One of the more popular provisions of the PPACA has been the closing of the “donut hole” in Medicare Part D. Seniors who needed expensive prescriptions had previously been paying up to $3600 each year in out-of-pocket drug costs. Unless you’re quite wealthy (which most seniors aren’t), having to pay $3600 a year for medications is a challenge, especially on top of the premiums for Medicare B, a Medigap policy, and Medicare D. So it’s no surprise that most seniors were in favor of closing the donut hole in Medicare D.
Of course, nothing is ever as simple as we’d like it to be, and there is also some criticism of the closing of the donut hole. And the criticism makes sense from a federal spending perspective: drugs aren’t free – somebody has to pay for them. If we’re not requiring seniors to pay for a portion of their own drugs (which was the idea behind the donut hole), then tax dollars will be used instead. And tax dollars are not exactly easy to come by these days.
When it comes to medical care other than prescriptions (and long term care), Medicare has long done a relatively good job of equalizing access to basic care for all seniors (there’s still some inequality, particularly for those who cannot afford to pay for a supplemental Medigap policy). Why are prescription drugs not included under the umbrella of basic Medicare coverage like most other medical services? And why does Medicare still not get to set drug prices?
Prescription drugs are a conundrum even in the private health insurance market. In the decade since we got into the health insurance industry, we’ve seen a dramatic change in the way most individual health insurance plans are designed when it comes to prescriptions. Ten years ago, it was easy to find an individual policy in Colorado that would cover prescriptions right away, with simple copays. $10/30/50 (or close to that) was common pricing for copays. These days, plans that cover only generic drugs are all over the place, marketed by reputable health insurance carriers. Generic-only coverage really amounts to very little coverage at all when it comes to prescriptions, since generics tend to be very inexpensive anyway. Expensive drugs are not generic, so those policies are not covering any expensive medications. Separate prescription drug deductibles are also common now – most new individual policies now have prescription deductibles that range from $500 to $7500. That means that the insured has to pay for the first $500 to $7500 in drug costs – in addition to the regular medical deductible – before any drug costs are covered by the insurance carrier. This is not just a tactic used by disreputable or small time carriers – it’s become the industry standard, and it’s happened in response to spiraling prescription drug costs. Without these provisions, health insurance premiums would be rising even faster than they already are.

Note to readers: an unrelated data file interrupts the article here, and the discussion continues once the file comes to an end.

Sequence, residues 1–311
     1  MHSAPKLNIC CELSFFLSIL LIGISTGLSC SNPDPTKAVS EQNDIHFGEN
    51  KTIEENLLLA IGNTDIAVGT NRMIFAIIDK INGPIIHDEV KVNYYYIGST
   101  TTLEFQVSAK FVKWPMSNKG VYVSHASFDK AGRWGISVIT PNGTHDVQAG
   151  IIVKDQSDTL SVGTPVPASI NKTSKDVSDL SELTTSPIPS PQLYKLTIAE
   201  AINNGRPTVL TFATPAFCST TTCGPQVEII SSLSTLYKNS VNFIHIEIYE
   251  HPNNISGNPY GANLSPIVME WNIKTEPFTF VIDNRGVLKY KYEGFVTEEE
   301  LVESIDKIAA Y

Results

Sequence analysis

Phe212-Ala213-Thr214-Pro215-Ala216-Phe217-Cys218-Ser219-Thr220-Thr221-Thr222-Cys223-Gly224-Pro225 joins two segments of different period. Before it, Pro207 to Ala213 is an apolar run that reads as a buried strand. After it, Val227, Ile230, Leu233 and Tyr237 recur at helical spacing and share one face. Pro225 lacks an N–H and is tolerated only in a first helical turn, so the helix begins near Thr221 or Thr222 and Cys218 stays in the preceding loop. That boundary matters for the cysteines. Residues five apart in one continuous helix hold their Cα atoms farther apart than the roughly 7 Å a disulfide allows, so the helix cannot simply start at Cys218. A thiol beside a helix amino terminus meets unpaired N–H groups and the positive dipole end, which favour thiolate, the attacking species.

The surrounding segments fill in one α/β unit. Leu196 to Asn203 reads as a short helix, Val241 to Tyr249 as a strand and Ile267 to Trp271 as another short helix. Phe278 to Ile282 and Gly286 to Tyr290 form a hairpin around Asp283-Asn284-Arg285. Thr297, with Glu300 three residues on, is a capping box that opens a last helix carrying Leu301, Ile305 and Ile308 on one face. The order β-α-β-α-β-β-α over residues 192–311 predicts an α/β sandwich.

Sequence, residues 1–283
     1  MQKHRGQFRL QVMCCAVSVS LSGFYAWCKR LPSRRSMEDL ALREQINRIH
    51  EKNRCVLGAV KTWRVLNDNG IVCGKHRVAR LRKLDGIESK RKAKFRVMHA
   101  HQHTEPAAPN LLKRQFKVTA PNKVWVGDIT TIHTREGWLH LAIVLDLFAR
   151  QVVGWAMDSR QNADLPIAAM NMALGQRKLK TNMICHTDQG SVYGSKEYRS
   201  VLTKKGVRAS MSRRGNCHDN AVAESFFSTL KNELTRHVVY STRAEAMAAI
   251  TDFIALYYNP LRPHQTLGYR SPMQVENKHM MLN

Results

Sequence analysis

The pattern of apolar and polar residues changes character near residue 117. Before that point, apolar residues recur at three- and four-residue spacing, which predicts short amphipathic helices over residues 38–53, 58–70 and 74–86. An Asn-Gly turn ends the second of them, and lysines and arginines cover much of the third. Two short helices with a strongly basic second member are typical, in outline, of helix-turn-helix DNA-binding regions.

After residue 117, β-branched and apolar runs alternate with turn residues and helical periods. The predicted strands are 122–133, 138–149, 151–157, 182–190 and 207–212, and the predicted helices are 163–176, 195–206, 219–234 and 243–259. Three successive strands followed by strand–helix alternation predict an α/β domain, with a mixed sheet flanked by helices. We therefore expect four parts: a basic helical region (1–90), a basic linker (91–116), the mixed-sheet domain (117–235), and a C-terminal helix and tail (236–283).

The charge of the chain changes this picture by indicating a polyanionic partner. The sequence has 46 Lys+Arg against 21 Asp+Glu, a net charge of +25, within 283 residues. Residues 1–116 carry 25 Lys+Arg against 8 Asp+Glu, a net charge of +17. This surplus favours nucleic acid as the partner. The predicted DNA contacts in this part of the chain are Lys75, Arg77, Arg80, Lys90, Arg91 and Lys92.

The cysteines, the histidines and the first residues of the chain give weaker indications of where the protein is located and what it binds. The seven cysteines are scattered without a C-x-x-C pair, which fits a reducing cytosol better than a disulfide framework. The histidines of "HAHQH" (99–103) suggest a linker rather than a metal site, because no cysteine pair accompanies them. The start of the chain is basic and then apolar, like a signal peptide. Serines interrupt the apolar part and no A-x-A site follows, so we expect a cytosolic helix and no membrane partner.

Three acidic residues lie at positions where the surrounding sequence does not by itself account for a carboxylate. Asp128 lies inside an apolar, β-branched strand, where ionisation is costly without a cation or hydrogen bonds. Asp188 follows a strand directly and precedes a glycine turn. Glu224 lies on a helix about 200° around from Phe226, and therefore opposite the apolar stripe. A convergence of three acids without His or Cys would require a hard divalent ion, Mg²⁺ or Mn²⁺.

If Medicare were to include coverage for prescriptions in the basic plan, there’s little doubt in my mind that the basic premiums would have to increase substantially, unless drug manufacturers are willing to settle for smaller profit margins. And simply allowing Medicare to negotiate directly with the pharmaceutical companies would not necessarily be an easy fix either. The argument that curtailing pharmaceutical company profits would result in slower research and development is probably accurate to some extent. US-based pharmaceutical companies do tend to lead the way in R&D for new drugs, which may in large part be due to the single payer (and lower profit) health care models that many other industrialized countries utilize. But perhaps we could move towards a model where the National Institute of Health (NIH) plays a bigger role in R&D, utilizing tax dollars to do so (of course we would also need some sort of provision to prevent private pharmaceutical companies from then buying the rights to the NIH-developed drugs and selling them for exorbitant prices…). If the NIH did more of the R&D, pharmaceutical companies would have lower overhead. This could in turn lead to lower drug prices, as long as the whole system were well-regulated.
It does make sense to include provisions in health care reform that encourage doctors and patients to look for the lowest-cost effective treatments, including prescription drugs. But requiring seriously ill seniors (or anyone, for that matter) to pay what might amount to a large portion of their income for vital medications seems ill-conceived. On the other hand, simply covering any and all drugs in full also makes little sense, as it removes the incentive for doctors and patients to try to find the lowest-cost solutions to medical problems.
It seems like it would make sense to address the cost and coverage of prescription drugs from several angles. First, we could make prescription drug coverage part of the basic Medicare plan. This would result in increased Medicare premiums, but seniors wouldn’t have to buy separate Medicare D coverage. We could also ramp up tax-funded R&D of prescription drugs. And we could allow Medicare to set prescription drug prices directly with the pharmaceutical companies, employing the same sort of profit caps that the Medical Loss Ratio rules are doing in the health insurance industry. If the government can tell the health insurance carriers that no more than 15 – 20% of premium dollars can be spent on administrative expenses, including profits, why can’t similar guidelines be enacted for the pharmaceutical industry? Perhaps then we wouldn’t need to worry as much about who is going to pay the cost of prescription drugs for seniors. And maybe individual health insurance policies could start covering prescriptions with basic copays again.